Ultimate Frenemies: China And Taiwan Presidents Talk For The First Time In 7 Decades

Breaking over 66 years of cold war tradition, the presidents of China and Taiwan made history in Singapore by meeting for the first time, leader-to-leader, since civil war split them in 1949. China’s President Xi Jinping and his Taiwanese counterpart, Ma Ying-jeou shook hands at the start of this historical summit hosted by Singapore, backed by the traditional yellow background of Chinese emperors before retiring to a closed door meeting. Before this meeting, China’s Xi said the two sides were and are one family and cannot be pulled apart. While Taiwan’s Ma responded by telling Xi the two sides should observe mutual respect after decades of hostility and rivalry and respect each other’s values and way of life. This meeting is quite remarkable and will go down in the annals of history as this summit marks a turning point in China-Taiwan relations and also marks the first time the rivals have come together in almost 7 decades.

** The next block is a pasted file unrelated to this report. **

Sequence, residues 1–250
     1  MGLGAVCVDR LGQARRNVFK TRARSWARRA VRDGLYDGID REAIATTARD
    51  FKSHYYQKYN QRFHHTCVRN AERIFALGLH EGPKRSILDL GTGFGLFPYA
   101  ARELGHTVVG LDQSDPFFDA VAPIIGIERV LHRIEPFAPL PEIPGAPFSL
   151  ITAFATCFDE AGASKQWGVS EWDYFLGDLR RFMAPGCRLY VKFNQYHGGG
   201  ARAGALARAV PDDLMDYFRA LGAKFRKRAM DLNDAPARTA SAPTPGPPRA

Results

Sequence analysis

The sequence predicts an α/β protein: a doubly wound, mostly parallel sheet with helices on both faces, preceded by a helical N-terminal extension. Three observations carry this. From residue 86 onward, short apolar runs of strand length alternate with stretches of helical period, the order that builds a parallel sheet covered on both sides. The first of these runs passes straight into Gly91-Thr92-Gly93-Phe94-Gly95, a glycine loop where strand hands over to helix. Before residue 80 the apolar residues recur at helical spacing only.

Taiwan has been self-ruled since 1949 when Mao Zedong led Communist forces to victory and the Nationalists, led by Chiang Kaishek, fled to Taipei where they set up a rival government which claimed to be the legitimate government of the island and the mainland. From then on, both factions found it difficult to compromise in any way. The political status of Taiwan  hinges, in the most part, on whether firstly; Taiwan, Penghu, Kinmen, and Matsu should remain effectively independent as territories of the Republic of China (ROC); secondly, become unified with the territories now governed by the People’s Republic of China (PRC); thirdly, formally declare independence and become the Republic of Taiwan; fourthly, whether the existence and legal status as a state of both the ROC and the PRC is legitimate as a matter of international law, and; fifthly, how much diplomatic recognition either entity receives from the international community. Currently Taiwan, Penghu, Kinmen, Matsu, and some other minor islands effectively make up the jurisdiction of the state with the official name of Republic of China, but are widely known as Taiwan. The ROC, which took control of Taiwan (including Penghu and other nearby islands) in 1945, ruled mainland China and claimed sovereignty over Outer Mongolia (now Mongolia) and Tannu Uriankhai (part of which is present day Tuva, Russia) before losing the Chinese Civil War and relocating its government to Taipei, Taiwan in December 1949.